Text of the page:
What do Ontario employers need to know about Bill 79?

Changes to mass layoffs, data given to new hires; crack down on temp agencies

What do Ontario employers need to know about Bill 79?

HR professionals in Ontario are seemingly being hit with a cornucopia of legislative changes lately, as the provincial government has introduced many recent tweaks to the laws governing employment.

In one of the latest iterations, Bill 79, Working for Workers Act, 2023, employers will see a number of new regulations and this appears to be the pattern lately that the government is embarking upon in order to modernize many workplace laws, says an employment lawyer.

“It seems like they’re taking a year-by-year approach in determining what cleanup needs to be done or what changes need to be done and so if this provincial government is going to continue to do this on a year-by-year basis, there could be more, either employment standards changes, occupational health and safety changes, and perhaps more so than we would have seen in the past,” says Andrew Gould, an associate with the labour, employment and human rights group at Fasken in Toronto.

“You could maybe go by every six months without really having to change anything, it seems like these changes, even if it’s not the release of the legislation themselves, but the coming into force of them, it seems to be that you really have to be staying on top of the requirements for your workplace.”

Mass layoff rules modified

While the overall effect of some of the alterations aren’t going to become overly onerous for employers, there are some new considerations when it comes to mass terminations, says Gould.

“Practically, it does expand potential liability, particularly for employers who have either a really large remote workforce or potentially have gone to a remote workforce and in those situations, it could make a big difference.”

The new rules will expand the definition of the workplace to include the private homes of remote workers when it comes to mass terminations.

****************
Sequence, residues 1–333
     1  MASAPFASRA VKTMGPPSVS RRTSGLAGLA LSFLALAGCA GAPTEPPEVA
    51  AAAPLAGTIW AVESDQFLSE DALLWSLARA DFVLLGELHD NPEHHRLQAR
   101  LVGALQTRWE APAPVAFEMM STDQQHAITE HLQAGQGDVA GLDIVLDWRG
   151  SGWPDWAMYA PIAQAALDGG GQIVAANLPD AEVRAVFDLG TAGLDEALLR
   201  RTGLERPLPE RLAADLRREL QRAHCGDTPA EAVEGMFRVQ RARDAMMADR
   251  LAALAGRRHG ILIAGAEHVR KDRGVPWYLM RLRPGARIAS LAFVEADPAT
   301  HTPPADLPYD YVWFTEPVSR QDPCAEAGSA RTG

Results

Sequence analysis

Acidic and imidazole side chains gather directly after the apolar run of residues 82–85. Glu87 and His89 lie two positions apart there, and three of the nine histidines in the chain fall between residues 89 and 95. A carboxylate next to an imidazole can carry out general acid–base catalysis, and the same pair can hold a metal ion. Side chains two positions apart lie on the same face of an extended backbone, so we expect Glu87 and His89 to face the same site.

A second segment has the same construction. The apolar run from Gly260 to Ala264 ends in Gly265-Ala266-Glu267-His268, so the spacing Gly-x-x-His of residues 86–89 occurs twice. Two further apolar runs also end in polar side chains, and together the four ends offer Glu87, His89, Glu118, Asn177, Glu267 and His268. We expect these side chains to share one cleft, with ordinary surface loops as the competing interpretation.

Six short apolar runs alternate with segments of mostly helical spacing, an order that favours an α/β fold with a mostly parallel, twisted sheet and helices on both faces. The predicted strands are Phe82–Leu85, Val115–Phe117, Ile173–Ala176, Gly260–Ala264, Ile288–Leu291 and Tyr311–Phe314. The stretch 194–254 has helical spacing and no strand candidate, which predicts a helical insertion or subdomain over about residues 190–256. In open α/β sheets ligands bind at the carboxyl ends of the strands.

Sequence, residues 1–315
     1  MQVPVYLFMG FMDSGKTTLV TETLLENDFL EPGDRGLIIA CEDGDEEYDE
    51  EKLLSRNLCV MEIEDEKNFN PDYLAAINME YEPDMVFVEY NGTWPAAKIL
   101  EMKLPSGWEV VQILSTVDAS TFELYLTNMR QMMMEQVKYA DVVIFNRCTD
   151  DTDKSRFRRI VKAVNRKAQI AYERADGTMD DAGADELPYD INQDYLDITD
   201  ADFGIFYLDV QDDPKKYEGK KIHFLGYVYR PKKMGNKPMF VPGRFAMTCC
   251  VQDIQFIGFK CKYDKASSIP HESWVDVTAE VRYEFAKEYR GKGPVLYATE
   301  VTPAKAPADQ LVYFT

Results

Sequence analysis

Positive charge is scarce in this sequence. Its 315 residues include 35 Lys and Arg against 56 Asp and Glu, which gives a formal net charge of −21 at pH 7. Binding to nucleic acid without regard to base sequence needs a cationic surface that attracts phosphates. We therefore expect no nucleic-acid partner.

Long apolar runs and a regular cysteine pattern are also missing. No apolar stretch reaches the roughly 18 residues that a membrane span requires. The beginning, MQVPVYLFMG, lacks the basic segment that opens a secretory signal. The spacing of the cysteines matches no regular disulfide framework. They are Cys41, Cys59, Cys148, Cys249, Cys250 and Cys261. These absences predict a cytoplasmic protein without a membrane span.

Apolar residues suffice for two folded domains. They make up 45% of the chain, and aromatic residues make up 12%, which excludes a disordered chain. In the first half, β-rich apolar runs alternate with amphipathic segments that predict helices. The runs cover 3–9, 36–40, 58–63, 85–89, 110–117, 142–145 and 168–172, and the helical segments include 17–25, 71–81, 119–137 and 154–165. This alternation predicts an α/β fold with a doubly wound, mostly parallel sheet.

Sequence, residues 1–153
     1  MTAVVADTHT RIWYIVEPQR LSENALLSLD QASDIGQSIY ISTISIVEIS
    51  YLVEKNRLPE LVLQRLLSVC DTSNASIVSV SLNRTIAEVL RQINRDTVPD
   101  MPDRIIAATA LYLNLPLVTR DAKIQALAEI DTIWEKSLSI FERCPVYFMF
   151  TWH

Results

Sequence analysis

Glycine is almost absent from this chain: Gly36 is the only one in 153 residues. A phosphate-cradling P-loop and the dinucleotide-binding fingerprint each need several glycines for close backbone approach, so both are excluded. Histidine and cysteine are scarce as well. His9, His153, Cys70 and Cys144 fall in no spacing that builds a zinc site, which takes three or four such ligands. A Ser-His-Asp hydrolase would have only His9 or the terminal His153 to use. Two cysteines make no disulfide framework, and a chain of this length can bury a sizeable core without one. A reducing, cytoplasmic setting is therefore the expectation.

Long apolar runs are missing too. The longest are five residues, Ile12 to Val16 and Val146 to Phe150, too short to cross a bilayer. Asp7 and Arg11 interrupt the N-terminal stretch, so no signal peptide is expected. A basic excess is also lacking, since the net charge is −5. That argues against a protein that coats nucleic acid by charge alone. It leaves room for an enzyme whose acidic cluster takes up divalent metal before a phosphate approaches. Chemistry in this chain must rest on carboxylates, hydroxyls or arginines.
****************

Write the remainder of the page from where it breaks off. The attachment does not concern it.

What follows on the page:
“This was interesting because this redefinition of establishment is one of the first legislative acknowledgments of the changing landscape of the workplace and hybrid work and perhaps put a light bulb over employers and employees — and certainly lawyers on both sides of the employment bar — to wonder whether there are other holes in the ESA based on the way that it’s currently drafted,” says Gould.

Employees will now be eligible for enhanced notice under the regulations, he says, ranging from eight weeks when 50 to 199 employees are dismissed, moving to 12 weeks for 200 to 499 employees and 16 weeks when 500 or more employees are let go at the same time.

The Ontario government recently banned organizations from mandating Canadian experience in job postings.

More timely information for employees

Another new aspect of the legislation should also be scrutinized carefully by HR professionals, according to Gould, is around the various types of employment information that must be provided to new hires.

“There’s no precise instructions yet but it looks like the release from the Ontario government has suggested that the type of information that’s going to be included are things like, upon hire providing: what is the rate of pay going to be? What is the location of work going to be? What are the hours going to be? And again, similar to the mass-termination provisions, a lot of employers are already doing this in practice generally because it reduces ambiguity for both parties, but making it a concrete obligation certainly changes things a little bit. It means employers have to be sharp.”

This effort is most likely “part of the growing trend across the country in increasing employment transparency,” says Gould, including what is soon to be happening with Ontario’s move to mandate more openness by employers.

Cracking down on employment organizations

For temporary help agencies and recruiting firms, the government is imposing new licensing standards on the businesses which is good news for employees who rely on these types of organizations.

“I think the intention is certainly to have a little bit more of a formal control over how these types of organizations operate and particularly when it comes to international and vulnerable populations. You’ll see in this version of the legislation, the legislative amendments that came in around essentially saying, where a temporary help agency or recruiter is guilty of a certain offense say withholding an individual’s passport, that type of organization is automatically banned from being able to be licensed under the new Ontario regime,” says Gould.

“I think part one is probably adding some structure to this legislative regime and the second would be protecting the populations that are often using these agencies and recruiters to be placed.”

Finally, it also appears that the government is raising the bar when it comes to occupational health and safety, says Gould as maximum fines are increasing from $1.5 million to $2 million.

“It gives the Crown the ability to seek higher penalties in really serious cases and I think it is probably largely meant to be a deterrent and send a message that in Ontario they’re taking this seriously, and particularly when they can say these are now the highest fines of their kind in Canada and they’ve raised the maximum fines a couple of years in a row now.”

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